Identification of differential sensitivity of cancer cells as compared to normal cells has the potential to reveal a therapeutic window for the use of silver nanoparticles (AgNPs) as a therapeutic agent for cancer therapy. Exposure to AgNPs is known to cause dose-dependent toxicities, including induction of oxidative stress and DNA damage, which can lead to cell death. Triple-negative breast cancer (TNBC) subtypes are more vulnerable to agents that cause oxida-tive stress and DNA damage than are other breast cancer subtypes. We hypothesized that TNBC may be susceptible to AgNP cytotoxicity, a potential vulnerability that could be exploited for the development of new therapeutic agents. We show that AgNPs are highly cytotoxic toward TNBC cells at doses that have little effect on nontumorigenic breast cells or cells derived from liver, kidney, and monocyte lineages. AgNPs induced more DNA and oxidative damage in TNBC cells than in other breast cells. In vitro and in vivo studies showed that AgNPs reduce TNBC growth and improve radiation therapy. These studies show that unmodified AgNPs act as a self-therapeutic agent with a combination of selective cytotoxicity and radiation dose-enhancement effects in TNBC at doses that are nontoxic to noncancerous breast and other cells.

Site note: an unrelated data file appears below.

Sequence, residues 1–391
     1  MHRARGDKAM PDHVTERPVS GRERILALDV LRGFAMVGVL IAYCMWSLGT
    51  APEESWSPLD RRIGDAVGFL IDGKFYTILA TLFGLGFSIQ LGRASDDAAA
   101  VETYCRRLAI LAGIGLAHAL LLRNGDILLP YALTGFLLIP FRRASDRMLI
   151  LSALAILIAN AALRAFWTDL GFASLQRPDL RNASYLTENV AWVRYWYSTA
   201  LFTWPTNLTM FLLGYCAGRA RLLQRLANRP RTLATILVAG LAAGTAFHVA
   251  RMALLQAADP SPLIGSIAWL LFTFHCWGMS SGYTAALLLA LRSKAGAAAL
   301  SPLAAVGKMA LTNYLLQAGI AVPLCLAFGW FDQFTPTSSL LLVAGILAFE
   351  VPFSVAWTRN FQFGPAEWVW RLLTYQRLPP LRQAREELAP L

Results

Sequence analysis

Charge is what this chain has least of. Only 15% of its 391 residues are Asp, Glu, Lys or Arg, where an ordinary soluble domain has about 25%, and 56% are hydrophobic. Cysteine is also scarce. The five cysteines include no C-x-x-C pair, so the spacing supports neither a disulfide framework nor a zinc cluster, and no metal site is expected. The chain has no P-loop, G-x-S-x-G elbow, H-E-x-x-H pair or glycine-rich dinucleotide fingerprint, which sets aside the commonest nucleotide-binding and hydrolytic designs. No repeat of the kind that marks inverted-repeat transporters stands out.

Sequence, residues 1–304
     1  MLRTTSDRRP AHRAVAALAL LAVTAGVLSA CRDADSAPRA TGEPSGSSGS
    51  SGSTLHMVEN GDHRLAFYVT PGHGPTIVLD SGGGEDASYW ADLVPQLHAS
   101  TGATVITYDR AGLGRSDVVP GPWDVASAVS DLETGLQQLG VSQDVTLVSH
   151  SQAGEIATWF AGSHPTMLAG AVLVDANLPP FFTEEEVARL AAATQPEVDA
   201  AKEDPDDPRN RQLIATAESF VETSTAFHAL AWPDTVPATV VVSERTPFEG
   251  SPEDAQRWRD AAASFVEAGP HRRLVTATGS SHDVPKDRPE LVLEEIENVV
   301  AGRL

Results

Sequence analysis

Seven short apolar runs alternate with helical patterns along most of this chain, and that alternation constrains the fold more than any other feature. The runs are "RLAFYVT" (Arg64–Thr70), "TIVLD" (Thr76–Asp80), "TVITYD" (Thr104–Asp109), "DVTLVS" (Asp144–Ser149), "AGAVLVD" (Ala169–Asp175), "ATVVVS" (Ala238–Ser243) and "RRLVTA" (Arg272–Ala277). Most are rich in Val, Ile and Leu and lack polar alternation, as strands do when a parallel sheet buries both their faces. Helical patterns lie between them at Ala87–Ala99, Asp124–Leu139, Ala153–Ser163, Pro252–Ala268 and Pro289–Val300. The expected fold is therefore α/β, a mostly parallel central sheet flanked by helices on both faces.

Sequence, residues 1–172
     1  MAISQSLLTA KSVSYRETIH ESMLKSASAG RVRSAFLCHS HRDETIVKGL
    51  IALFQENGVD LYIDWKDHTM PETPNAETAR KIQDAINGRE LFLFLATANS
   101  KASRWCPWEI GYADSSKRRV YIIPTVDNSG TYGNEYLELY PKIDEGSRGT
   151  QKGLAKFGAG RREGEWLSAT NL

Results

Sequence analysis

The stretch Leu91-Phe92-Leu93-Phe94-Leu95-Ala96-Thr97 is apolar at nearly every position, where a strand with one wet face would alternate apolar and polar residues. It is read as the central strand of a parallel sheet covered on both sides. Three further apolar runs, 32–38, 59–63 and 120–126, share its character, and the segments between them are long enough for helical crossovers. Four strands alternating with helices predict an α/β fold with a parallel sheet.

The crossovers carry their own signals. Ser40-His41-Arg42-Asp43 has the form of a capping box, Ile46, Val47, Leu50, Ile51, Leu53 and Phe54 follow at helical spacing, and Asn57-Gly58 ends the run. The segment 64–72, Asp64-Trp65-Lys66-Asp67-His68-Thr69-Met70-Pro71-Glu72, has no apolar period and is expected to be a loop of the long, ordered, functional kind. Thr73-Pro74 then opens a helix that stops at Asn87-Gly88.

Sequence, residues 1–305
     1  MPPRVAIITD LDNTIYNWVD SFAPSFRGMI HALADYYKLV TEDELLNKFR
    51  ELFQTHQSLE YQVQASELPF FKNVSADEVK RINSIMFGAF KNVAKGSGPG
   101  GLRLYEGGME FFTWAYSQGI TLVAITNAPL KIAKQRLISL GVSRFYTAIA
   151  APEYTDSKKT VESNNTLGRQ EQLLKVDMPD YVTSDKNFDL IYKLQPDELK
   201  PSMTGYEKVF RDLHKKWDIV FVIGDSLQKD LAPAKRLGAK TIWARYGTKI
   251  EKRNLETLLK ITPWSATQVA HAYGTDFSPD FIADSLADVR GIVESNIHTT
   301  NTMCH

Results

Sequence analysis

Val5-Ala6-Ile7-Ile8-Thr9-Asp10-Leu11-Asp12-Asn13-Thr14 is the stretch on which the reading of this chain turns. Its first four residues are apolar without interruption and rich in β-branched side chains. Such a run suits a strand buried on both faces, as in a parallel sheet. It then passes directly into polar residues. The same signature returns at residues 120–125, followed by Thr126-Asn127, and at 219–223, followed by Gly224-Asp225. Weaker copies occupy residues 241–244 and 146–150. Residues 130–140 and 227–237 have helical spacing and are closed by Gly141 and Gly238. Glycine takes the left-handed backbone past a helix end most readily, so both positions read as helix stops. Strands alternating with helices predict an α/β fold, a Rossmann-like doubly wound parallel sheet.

Swanner, J., Mims, J., Carroll, D. L., Akman, S. A., Furdui, C. M., Torti, S. V., & Singh, R. N. (2015). Differential cytotoxic and radiosensitizing effects of silver nanoparticles on triple-negative breast cancer and non-triple-negative breast cells. International Journal of Nanomedicine, 10, 3937–3953. https://doi.org/10.2147/IJN.S80349